Fishing the last two days with Ian Slater

Fishing the last two days with Ian Slater

After the Cuda Bowl I’ve decided to devote the balance of my efforts to permit fishing leading up to the March Merkin. Ian and I had a few days off together, and hatched a plan to get out and permit fish. We had some decent weather, and though there haven’t been tons of permit around we were committed to our plan. In addition to the permit rods, however, we brought a cuda rig to pass the time and process the frustration should we find the permit but not catch them (or not find them at all).

We started off looking for barracuda, keeping an eye out in the early light for a shallow tail as we covered some deeper water. Finding nothing we moved on, falling in to an easy rhythm of barracuda fishing with a watchful eye. We made our way to a deep flat and fished for barracuda as the tide began to move, getting some fish to chase but not getting a bite. After the Cuda Bowl the fish seemed to be in a slightly sour mood, and when we saw a large group of permit glide toward the bow and threw the wolf candy for lack of anything else we quickly changed to the permit rod for the rest of the flat. We had another shot at this same group in a few minutes, though by the time we got the right fly into their midst they were already on their way away from us. We saw a few giant permit sliding through a nearby white sand hole, and waited to get a look at them at closer range before we pushed on. The fish never showed again, but as we slid down the bank a single fish showed up that we had a relaxed shot at. The fly landed in the wrong place to start, and when we put a second shot on the fish our welcome mat wore out and the fish darted off. We felt like things would continue to improve, though the single fish was the last we would see for the next few hours. We made our way fishless through the rest of the bank, and when Ian got an idea to head elsewhere for a look at a later tide we took off.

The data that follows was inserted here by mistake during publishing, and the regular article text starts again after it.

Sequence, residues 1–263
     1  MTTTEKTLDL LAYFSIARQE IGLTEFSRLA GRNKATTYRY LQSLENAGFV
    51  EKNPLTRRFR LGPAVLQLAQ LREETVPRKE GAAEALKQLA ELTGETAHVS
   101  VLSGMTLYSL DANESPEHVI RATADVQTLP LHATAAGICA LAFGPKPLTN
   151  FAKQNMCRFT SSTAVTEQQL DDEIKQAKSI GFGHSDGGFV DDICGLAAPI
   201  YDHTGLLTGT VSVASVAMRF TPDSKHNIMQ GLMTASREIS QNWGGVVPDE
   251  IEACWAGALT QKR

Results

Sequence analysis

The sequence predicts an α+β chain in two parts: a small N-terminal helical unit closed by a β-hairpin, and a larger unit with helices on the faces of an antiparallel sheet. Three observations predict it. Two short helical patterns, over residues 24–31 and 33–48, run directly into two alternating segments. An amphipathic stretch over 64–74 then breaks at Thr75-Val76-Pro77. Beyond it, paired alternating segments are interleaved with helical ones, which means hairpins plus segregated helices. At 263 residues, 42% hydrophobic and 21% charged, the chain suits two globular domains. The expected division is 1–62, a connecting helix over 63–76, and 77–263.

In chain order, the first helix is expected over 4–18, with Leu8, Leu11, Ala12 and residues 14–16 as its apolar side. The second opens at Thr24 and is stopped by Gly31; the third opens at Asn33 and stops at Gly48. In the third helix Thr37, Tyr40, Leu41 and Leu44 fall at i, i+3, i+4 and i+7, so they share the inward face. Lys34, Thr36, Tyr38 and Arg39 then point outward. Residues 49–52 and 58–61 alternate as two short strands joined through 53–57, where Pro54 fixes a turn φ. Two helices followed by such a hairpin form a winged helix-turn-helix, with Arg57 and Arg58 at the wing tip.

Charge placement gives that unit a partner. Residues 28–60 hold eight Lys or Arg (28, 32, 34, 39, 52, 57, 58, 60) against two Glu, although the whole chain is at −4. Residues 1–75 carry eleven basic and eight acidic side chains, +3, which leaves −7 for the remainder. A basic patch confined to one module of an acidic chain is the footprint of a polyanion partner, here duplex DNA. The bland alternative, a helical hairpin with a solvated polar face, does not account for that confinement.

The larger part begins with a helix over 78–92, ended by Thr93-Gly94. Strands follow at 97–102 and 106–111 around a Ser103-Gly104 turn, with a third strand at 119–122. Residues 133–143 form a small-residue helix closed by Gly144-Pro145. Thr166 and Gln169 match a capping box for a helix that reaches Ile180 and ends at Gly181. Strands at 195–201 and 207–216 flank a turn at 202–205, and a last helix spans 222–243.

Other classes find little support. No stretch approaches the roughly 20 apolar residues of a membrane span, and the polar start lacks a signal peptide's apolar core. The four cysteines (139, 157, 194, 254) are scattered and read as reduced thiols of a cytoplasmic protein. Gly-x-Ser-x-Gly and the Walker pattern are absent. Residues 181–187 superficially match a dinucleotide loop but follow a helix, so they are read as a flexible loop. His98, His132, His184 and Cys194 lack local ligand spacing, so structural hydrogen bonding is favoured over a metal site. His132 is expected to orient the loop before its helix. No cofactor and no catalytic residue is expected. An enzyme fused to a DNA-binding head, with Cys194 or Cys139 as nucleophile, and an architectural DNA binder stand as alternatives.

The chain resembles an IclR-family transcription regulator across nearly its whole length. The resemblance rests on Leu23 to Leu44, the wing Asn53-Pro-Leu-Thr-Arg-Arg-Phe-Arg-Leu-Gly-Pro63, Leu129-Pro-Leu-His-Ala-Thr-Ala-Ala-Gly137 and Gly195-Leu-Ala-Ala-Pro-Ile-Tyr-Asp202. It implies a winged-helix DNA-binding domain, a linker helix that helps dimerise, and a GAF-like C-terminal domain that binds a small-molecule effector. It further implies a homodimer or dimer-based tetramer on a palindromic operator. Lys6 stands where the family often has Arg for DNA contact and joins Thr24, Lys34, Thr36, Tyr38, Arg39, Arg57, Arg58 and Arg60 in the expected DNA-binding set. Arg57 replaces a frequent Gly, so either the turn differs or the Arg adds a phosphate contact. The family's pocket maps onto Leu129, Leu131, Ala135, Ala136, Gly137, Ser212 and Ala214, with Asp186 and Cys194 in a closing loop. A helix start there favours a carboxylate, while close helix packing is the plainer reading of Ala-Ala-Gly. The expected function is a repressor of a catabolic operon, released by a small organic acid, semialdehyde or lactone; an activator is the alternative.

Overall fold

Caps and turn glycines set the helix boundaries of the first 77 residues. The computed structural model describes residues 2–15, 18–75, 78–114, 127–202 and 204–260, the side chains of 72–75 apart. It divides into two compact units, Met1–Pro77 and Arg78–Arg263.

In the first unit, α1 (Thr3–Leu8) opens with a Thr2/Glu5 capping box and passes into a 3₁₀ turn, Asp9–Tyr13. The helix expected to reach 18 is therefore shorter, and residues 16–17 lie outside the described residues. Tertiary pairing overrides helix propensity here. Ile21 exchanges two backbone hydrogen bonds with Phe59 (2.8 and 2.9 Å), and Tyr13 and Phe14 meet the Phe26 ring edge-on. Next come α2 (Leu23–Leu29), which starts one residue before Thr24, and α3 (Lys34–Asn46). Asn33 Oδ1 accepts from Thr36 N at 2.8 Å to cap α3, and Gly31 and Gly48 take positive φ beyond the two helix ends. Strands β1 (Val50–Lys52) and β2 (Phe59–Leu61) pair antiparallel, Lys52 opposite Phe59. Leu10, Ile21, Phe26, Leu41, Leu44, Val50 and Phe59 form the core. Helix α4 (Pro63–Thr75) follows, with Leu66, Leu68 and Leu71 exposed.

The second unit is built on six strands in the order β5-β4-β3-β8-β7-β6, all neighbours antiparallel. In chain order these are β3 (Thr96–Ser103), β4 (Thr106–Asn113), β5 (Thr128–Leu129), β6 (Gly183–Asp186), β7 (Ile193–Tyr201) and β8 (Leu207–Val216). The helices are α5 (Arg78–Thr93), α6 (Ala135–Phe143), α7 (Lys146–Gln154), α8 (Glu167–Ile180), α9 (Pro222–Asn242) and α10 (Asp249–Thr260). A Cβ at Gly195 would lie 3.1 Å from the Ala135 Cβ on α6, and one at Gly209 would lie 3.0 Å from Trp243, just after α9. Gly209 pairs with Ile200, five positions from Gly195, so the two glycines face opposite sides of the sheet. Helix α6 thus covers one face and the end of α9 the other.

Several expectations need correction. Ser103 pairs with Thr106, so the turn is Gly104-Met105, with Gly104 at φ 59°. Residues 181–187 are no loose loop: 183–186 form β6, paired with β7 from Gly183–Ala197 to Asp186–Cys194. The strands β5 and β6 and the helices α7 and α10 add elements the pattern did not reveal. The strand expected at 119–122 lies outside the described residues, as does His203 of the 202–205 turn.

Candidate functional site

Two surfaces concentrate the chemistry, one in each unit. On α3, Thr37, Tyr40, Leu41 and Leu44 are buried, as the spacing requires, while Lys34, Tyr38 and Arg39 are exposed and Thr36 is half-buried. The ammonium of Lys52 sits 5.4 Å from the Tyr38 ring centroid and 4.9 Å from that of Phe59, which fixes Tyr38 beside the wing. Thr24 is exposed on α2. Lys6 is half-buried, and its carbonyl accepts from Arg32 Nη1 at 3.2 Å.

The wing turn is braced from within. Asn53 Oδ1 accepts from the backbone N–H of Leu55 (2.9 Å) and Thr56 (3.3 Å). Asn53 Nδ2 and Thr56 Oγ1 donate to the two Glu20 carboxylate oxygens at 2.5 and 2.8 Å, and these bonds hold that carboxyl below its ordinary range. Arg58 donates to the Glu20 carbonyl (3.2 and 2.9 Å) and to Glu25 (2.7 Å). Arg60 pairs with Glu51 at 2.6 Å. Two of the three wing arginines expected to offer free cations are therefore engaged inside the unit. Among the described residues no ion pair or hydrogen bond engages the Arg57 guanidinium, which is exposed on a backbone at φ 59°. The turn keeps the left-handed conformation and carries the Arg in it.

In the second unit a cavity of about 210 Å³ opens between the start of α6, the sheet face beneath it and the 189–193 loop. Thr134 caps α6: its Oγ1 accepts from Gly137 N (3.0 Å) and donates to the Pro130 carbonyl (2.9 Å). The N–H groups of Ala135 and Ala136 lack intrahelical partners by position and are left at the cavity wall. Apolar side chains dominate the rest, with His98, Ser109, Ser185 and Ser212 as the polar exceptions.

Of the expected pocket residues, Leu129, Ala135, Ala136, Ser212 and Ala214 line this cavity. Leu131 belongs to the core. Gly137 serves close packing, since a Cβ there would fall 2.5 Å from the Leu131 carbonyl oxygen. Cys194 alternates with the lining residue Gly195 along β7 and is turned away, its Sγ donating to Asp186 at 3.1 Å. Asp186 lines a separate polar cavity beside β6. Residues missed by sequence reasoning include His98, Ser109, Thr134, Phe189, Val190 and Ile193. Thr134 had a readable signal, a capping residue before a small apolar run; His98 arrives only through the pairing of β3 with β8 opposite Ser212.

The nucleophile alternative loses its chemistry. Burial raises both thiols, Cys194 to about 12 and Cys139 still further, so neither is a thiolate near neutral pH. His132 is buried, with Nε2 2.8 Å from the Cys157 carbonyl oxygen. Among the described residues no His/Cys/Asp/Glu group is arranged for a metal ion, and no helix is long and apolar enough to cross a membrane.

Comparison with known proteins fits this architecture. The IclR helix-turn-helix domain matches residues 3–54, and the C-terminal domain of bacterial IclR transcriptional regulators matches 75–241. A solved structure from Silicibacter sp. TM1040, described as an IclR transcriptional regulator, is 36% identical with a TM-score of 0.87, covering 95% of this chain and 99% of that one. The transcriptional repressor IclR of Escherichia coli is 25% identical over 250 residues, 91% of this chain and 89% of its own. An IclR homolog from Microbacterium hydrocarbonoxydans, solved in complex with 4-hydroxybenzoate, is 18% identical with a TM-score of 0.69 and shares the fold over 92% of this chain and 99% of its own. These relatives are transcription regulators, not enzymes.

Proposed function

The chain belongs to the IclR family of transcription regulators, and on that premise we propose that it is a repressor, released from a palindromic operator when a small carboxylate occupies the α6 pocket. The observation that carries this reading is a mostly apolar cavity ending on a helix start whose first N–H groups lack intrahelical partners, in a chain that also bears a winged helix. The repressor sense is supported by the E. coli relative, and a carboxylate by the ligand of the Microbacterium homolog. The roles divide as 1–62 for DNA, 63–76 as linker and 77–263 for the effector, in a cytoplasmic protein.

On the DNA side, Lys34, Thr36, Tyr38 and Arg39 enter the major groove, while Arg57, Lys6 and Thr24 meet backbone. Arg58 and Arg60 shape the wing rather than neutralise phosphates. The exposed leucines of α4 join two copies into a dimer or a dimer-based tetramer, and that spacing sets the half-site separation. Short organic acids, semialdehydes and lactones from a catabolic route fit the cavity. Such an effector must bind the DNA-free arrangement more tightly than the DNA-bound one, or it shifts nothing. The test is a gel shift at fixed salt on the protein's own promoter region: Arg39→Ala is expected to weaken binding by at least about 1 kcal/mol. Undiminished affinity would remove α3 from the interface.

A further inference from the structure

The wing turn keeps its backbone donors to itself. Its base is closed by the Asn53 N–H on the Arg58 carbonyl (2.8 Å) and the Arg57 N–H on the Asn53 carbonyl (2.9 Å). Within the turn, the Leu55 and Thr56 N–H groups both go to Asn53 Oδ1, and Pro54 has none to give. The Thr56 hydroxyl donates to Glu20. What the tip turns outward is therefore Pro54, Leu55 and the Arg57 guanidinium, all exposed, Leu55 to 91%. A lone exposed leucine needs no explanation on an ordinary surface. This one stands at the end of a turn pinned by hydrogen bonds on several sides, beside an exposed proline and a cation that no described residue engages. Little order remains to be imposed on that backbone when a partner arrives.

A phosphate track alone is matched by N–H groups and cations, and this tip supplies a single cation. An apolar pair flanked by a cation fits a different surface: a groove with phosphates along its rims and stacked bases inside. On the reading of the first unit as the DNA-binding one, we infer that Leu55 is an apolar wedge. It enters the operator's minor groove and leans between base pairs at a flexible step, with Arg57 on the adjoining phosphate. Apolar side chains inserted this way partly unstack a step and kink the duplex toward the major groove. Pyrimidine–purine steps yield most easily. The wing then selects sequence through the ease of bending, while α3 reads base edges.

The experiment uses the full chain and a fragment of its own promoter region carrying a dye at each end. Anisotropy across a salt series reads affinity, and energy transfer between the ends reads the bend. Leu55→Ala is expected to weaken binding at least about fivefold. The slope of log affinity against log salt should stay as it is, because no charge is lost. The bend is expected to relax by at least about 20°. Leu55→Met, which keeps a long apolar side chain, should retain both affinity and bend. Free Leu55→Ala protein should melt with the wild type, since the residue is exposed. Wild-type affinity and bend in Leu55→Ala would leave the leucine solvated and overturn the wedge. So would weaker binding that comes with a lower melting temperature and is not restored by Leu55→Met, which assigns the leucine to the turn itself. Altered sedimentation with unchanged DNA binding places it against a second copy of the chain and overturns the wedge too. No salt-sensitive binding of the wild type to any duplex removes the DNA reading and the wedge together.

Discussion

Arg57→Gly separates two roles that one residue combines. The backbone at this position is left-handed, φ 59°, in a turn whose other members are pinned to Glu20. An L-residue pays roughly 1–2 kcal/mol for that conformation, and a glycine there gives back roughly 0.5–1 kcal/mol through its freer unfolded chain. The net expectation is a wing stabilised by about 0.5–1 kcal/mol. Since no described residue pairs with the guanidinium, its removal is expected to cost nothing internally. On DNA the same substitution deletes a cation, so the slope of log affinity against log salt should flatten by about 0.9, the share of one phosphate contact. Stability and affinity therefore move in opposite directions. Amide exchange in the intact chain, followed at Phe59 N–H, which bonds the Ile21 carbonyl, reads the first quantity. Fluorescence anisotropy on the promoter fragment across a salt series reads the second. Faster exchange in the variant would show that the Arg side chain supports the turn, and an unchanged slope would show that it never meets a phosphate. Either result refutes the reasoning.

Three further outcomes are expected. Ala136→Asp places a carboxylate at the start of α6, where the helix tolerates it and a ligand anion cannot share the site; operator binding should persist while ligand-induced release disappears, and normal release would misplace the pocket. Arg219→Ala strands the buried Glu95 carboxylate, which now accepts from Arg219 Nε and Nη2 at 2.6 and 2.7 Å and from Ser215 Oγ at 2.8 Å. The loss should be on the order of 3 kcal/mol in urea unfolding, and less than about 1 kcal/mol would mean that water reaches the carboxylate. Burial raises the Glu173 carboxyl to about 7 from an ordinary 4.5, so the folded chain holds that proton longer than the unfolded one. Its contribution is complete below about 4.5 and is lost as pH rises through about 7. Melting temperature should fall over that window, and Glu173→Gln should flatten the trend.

Arriving early for the tide Ian was planning on caused us to take some time out from permit to try out some new barracuda flies Ian had tied. These did the trick, and where earlier we had a hard time getting the fish to play this time things worked out differently. We broke a large fish off on the trim tabs, landed a smaller fish, and had another large one come unbuttoned on the hook set. When the new specials ran out so did our luck, and I can say unequivocally that the new flies are the finest teeth tickets I’ve seen in a while. We ran around to where Ian’s mind had taken him earlier, and pushed a long bank for a low-quality shot at a pair of fish that I couldn’t see in time. Ian soon took us to another place, and it was here that things got right. I had a shot at a tailing fish that I struggled with in the wind, which was still blowing despite the slick on the surface. I followed the fish for a while until I could make the angle right, and when I did everything worked out in the best way possible. I got back in the boat so Ian could pole after the fish, and shortly we had something to model for a photo:

Another view of 1/1, Ian Slater guiding/photo